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What is the possible biggest and the smallest number of edges in a graph with N vertices and K components?

I think that the smallest is (N-1)K. The biggest one is NK. Is this correct? I think it also may depend on whether we have and even or an odd number of vertices?

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    $\begingroup$ There's always some question of whether graph theory is on-topic or not. But extremal graph theory (how many edges do I need in a graph to guarantee it contains some structure? What's the most edges I can have without that structure?) seem to be quite far from computation, to me. $\endgroup$ – David Richerby Jan 26 '18 at 14:15
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Think of the extreme case when all the components of the graph except one have just one vertex. This is the case which will have the most no. of edges. We can prove it by contradiction as follows:
Suppose there were two strongly connected components having $m$ and $n$ vertices where $m < n$. Now if you remove a vertex from the one having $m$ vertices and add it to the other component, then effectively you have removed $m-1$ edges from the first graph and added $n $ edges to the second graph. So, there is a net gain in the number of edges.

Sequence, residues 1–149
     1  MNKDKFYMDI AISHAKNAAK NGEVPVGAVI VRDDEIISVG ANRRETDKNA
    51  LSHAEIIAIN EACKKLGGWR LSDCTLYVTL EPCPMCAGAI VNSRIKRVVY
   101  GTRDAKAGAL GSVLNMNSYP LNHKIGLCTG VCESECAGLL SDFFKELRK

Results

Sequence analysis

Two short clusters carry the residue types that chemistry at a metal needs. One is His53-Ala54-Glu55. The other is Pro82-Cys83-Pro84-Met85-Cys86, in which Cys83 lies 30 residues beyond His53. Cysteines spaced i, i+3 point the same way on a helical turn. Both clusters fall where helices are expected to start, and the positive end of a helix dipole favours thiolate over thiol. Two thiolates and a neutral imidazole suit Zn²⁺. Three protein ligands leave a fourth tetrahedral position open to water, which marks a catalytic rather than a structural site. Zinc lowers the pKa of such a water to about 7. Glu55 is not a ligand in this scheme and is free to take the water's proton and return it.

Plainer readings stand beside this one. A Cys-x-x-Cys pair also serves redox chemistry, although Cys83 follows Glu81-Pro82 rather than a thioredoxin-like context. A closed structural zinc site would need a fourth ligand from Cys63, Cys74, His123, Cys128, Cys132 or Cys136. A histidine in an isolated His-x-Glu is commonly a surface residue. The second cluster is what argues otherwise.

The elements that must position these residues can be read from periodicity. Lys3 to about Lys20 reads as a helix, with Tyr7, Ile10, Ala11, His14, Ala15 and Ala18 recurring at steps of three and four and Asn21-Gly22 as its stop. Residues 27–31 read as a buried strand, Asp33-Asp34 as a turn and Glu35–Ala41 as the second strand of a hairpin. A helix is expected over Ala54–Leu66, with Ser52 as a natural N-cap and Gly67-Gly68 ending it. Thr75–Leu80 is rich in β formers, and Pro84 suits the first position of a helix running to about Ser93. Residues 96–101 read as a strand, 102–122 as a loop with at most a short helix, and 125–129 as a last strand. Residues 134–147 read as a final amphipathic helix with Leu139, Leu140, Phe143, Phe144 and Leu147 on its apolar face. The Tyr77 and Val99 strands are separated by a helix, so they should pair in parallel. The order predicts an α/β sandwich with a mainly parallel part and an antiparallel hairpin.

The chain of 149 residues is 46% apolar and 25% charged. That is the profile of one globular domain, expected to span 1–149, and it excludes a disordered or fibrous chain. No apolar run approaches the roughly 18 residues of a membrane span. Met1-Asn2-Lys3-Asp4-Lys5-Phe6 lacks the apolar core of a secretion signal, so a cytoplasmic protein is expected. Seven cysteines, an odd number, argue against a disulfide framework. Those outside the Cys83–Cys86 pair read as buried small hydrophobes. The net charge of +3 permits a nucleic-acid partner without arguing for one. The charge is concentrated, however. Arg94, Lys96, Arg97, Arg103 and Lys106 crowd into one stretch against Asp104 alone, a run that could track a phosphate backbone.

So the maximum edges in this case will be $\dfrac{(n-k)(n-k+1)}{2}$.
As for the minimum case, since we have seen that distributing the edges with uniformity among the graphs leads to an overall minimization in their number, therefore first divide all the $n$ vertices into $k$ components to get the number of vertices in each component as $n/k$. We will still be left with $n\mod k = f'$ vertices. Let's call $\Biggl\lfloor{\dfrac{n}{k}}\Biggr\rfloor$ = $f$. Then, the $k$ components each already have $f$ vertices with them. Now , give away $1$ vertex each to first $f'$ components. This completes our vertex distribution.

So, total edges$ = (f + 1 - 1)*f' + (f-1)*(f - f')$ (because we have minimum of $x-1$ edges for $x$ available vertices)
where
the first term counts minimum edges for first $f'$ components which have 1 vertex extra and the second term is for the remaining components.

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